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If you’ve ever quit a habit or discussed someone else quitting, you’re likely familiar with the phrase cold turkey. Whether your vice is Netflix binges, oreo cramming, or cigarettes, to quit them cold turkey means to swear off them completely, no ifs, ands, or buts. With New Year’s behind us, the phrase may be cropping up more and more. But where does it come from?

Its origins can be traced back to 18th and 19th century America. Historical accounts seem to indicate that the phrase “talking turkey” meant to talk disingenuously, similar to the way “flapping your gums” is used now.

A folkish retelling of the origins of the phrase first appeared in an 1837 article from the Niles’ Weekly Register:

“An Indian and a white man went shooting in partnership and a wild turkey and a crow were all the results of the day’s toil. The white man, in the usual style of making a bargain with the Indian proposed a division of the spoils in this way: ‘Now Wampum, you may have your choice: you take the crow, and I’ll take the turkey; or, if you’d rather, I’ll take the turkey and you take the crow.’ Wampum reflected a moment on the generous alternative thus offered, and replied – ‘Ugh! You no talk turkey to me.’

Based on this and other appearances, “talking turkey” seems to have been a euphemism for deceitful or otherwise superficial, pleasant talk. However, by the end of the 19th century and early 20th century, the phrase inexplicably changed meanings, becoming more synonymous with talking frankly and directly.

To “talk turkey” became associated with getting down to brass tacks, discussing the meat of the matter at hand, and disregarding the sides and stuffing of polite conversation. In the early 20th century, the phrase first appeared in print along with the qualifier “cold” to indicate this kind of straightforward way of communicating.


The Des Moines Daily News, May 1914:

“I’ve heard [Reverend Billy] Sunday give his ‘Booze’ sermon, and believe me that rascal can make tears flow out of a stone. And furthermore he talks ‘cold turkey‘. You know what I mean – calls a spade a spade.”


The Daily Colonist, British Columbia, 1921:

‘Perhaps the most pitiful figures who have appeared before Dr. Carleton Simon … are those who voluntarily surrender themselves. When they go before him, that are given what is called the ‘cold turkey‘ treatment.’


The Daily Express, UK, January 1928:

‘She talked cold turkey about sex. ‘Cold turkey‘ means plain truth in America.’

So while there is no exact instance where “quitting cold turkey” came to enter the cultural lexicon, we do know that by the 20th century, the phrase “cold turkey” had come to mean no frills, no fanfare, and straight to the point.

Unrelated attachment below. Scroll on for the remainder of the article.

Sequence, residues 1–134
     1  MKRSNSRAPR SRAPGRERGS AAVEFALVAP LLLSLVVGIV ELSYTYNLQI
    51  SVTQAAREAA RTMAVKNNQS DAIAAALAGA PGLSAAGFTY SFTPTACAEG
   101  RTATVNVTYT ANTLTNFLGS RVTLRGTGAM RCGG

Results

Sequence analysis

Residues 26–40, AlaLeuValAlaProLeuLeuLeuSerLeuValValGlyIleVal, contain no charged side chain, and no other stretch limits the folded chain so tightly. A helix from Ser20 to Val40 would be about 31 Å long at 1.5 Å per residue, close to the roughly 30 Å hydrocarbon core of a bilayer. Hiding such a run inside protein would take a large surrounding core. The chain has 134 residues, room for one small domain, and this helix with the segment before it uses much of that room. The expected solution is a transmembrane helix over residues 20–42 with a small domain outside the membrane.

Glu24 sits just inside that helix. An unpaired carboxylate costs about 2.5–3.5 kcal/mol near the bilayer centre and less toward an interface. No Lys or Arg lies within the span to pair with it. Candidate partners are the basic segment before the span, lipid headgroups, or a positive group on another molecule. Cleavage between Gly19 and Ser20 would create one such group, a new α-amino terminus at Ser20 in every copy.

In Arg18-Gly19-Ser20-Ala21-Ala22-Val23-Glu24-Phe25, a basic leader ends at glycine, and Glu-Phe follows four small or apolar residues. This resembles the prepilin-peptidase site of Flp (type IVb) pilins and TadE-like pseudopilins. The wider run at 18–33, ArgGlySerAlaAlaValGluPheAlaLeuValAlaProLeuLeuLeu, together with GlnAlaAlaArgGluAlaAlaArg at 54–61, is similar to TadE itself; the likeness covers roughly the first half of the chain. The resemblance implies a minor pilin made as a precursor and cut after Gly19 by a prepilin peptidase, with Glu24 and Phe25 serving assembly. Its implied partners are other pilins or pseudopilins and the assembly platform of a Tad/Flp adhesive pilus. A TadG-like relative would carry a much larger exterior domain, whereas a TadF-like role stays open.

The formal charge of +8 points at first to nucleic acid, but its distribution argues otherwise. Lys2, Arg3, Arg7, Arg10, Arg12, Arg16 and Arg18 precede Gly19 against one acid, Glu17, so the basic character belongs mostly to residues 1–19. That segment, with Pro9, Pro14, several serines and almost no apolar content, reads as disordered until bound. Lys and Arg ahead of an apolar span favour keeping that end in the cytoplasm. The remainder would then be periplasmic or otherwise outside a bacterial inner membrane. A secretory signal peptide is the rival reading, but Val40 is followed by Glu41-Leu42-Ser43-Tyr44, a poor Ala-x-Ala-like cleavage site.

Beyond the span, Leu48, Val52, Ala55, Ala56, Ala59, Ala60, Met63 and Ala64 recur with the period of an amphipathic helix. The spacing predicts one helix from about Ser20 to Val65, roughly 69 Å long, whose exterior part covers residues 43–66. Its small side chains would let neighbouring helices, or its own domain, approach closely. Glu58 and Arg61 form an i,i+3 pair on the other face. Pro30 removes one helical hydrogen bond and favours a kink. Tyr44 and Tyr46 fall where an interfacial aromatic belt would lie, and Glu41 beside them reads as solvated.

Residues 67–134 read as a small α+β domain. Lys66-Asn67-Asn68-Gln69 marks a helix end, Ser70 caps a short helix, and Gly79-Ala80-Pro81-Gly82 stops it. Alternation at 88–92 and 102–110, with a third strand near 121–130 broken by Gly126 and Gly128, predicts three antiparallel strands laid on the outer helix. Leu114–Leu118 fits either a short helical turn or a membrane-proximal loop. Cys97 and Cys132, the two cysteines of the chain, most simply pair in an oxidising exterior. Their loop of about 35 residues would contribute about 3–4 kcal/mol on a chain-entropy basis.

Individuals may have adopted the phrase as a way of describing the process of suddenly quitting hard drugs such as heroin and morphine. Individuals in recovery can struggle with moderation, so the approach of quitting something cold turkey means to dispense with any tapering and withdraw completely from the substance of choice.

So there you have it! The origins of the phrase cold turkey. The original cold turkey was a combination of cold (‘straightforward, matter-of-fact’) and the modified phrase “talk turkey”, referring to speaking plainly.

What’s interesting is that some individuals believe the phrase draws from comparisons between the cold, clammy, and rigid flesh of a skinned turkey with that of the cold, clammy, and rigid skin of a person going through withdrawal. The gooseflesh textures are similar, but historically speaking the term was first used outside of drug addiction implications, so this etymology would be incorrect.


In Conclusion

Withdrawing from drugs or alcohol can be a dangerous and even deadly prospect. If you are concerned about a substance abuse problem and wish to help yourself or a loved one get sober, it is recommended that you consult with a medical professional or enlist the assistance of a certified detox and rehabilitation center.

At Landmark Recovery, we pride ourselves on offering leading, evidence-based treatment for those suffering from any kind of substance use disorder. Visit our website to learn more about drug and alcohol rehab options such as residential treatment and intensive outpatient.

About the Author


Landmark Recovery Staff

This post was written by a Landmark Recovery staff member. If you have any questions, please contact us at 888-448-0302.

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